A REPORT showing the growing financial benefits brought by a degree has added more fuel to the great tuition fees debate.
The Association of Graduate Recruiters has predicted that job vacancies for graduates in 1997 will be the best this decade and that graduate starting salaries, already rising, will grow further this year. The good news is contained in the AGR's annual Graduate Salaries and Vacancies survey, analysing 1996 and forecasting for 1997.
But the AGR and the National Union of Students warn that the figures should not be used to support the introduction of tuition fees.
The survey found that 6 per cent more graduates were recruited in the first ten months of 1996 than in the whole of 1995. And the AGR predicts that the number of vacancies will continue to grow in 1997, with a further increase of 11.5 per cent. It also found that graduate starting salaries increased faster than average earnings. The 1996 graduate starting salary increased 5.4 per cent to Pounds 14,750 and the average starting salary in 1997 is expected to rise by a further 4.4 per cent to Pounds 15,325.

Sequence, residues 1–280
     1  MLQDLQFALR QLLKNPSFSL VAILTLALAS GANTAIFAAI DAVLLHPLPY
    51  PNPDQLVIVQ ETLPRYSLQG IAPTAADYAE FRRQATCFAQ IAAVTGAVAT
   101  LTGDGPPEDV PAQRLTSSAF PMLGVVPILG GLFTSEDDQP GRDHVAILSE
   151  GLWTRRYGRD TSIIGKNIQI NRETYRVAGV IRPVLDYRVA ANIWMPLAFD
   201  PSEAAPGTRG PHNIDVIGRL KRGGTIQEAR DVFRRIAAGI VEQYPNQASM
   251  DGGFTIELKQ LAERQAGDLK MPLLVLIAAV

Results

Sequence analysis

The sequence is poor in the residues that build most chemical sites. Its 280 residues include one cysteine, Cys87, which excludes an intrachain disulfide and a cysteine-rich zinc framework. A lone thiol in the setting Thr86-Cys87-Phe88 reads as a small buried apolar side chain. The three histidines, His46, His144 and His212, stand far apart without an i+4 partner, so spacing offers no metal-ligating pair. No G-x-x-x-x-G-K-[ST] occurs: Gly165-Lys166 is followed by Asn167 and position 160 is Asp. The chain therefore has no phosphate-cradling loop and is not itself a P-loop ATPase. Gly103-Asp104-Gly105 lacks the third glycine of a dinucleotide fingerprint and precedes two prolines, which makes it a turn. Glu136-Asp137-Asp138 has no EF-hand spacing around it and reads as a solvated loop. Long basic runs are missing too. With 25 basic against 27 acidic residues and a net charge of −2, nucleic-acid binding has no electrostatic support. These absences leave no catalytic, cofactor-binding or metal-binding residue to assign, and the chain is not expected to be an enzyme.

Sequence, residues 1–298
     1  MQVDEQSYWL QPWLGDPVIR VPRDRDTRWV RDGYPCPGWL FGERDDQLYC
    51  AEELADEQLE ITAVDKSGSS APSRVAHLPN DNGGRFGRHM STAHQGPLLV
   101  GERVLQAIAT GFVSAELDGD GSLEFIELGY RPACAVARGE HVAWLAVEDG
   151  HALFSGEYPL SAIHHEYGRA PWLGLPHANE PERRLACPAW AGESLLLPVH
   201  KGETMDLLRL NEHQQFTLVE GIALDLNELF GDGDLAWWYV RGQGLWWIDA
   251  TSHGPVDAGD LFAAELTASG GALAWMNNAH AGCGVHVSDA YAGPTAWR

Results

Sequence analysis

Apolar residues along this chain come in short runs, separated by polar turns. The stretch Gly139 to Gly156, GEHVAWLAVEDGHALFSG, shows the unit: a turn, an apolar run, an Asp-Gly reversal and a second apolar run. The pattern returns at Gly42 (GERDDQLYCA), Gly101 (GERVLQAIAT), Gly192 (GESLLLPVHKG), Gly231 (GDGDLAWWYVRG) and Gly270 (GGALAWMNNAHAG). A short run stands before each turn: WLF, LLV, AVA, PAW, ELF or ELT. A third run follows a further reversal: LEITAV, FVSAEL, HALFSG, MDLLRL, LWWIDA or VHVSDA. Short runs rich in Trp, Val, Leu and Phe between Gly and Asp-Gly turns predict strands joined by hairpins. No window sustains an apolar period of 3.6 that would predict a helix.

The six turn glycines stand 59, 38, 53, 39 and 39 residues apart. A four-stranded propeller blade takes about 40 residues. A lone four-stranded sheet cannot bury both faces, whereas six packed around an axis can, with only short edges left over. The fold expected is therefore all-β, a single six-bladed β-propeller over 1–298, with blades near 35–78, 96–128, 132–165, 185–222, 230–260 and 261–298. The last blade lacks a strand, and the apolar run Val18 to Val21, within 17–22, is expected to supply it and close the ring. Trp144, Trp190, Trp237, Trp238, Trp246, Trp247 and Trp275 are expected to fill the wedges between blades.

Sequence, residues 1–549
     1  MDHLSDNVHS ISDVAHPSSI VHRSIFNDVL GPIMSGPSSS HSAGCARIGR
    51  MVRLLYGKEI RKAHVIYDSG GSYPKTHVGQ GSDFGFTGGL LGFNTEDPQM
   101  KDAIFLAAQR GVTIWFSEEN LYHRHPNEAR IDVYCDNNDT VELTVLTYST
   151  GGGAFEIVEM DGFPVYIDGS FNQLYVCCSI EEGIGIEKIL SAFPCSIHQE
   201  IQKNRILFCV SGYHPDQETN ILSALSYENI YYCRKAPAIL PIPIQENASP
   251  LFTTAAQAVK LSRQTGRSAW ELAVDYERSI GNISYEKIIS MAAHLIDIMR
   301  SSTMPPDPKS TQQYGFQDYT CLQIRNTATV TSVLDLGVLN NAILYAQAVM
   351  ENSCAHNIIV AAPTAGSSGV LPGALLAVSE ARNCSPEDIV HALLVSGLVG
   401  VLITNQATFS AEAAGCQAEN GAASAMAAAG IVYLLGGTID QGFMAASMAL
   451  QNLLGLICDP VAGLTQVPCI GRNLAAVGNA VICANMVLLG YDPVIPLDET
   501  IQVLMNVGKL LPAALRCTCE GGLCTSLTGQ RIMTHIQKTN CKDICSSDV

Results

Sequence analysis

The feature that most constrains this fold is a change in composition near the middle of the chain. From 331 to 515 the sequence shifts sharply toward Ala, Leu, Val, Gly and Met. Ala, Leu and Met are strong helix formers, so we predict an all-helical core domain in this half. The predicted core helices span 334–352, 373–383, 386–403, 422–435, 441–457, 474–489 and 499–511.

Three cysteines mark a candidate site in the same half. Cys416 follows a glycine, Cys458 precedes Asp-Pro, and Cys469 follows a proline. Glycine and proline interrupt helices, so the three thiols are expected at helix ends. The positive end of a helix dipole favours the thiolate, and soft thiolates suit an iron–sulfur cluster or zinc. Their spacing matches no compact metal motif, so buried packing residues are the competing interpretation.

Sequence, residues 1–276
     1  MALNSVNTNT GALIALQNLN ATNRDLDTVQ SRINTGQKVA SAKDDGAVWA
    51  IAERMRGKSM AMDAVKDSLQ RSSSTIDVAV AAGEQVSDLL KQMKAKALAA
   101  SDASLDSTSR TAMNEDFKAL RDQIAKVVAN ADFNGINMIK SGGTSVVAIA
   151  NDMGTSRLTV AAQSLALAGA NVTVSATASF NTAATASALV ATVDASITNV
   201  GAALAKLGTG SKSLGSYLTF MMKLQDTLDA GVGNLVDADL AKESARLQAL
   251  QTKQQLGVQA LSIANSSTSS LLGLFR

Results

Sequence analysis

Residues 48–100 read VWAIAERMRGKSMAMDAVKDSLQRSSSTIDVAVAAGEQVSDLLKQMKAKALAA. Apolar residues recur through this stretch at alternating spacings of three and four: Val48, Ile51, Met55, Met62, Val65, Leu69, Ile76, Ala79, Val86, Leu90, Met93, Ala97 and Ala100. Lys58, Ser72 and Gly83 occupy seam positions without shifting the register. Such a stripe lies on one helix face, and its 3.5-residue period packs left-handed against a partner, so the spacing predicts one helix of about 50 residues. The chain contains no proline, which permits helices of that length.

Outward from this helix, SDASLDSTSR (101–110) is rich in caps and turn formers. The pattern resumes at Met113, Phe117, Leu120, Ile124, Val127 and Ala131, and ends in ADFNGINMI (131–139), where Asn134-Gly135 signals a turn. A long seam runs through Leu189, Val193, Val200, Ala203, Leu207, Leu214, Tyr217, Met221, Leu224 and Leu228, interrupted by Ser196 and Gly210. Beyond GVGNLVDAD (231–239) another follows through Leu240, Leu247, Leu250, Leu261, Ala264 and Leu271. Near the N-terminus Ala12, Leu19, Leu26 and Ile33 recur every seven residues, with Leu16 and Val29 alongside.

Graduate salaries were also said to increase at a "considerably faster rate than average earnings". The salaries of 1995 graduates had increased by 12 per cent compared with an average of only 3.7 per cent. The salaries of 1993 graduates had increased by 54 per cent, compared with an average of only 10 per cent.
"The economy is picking up and competition to recruit the most able graduates is hotting up," said AGR chief executive Roly Cockman. "Employers also realise that they have to recruit at graduate level as the old pool of people who were recruited at A level has dried up - they are all choosing university."
Mr Cockman said that it is inevitable that the new findings will be used to support the introduction of tuition fees, said to be topping the agenda of Sir Ron Dearing's report into higher education.
The AGR made its opposition to tuition fees explicit in its submission to Sir Ron, saying that "access to higher education should not be dependent on the ability to pay up front." But Mr Cockman conceded: "It is of considerable financial benefit to you if you are a graduate."
An NUS spokesman said: "There is absolutely no justification for introducing tuition fees, not in this or any other survey." The NUS pointed out that despite the encouraging figures for job prospects and salaries, the average student debt for 1996 finalists was Pounds 1,982.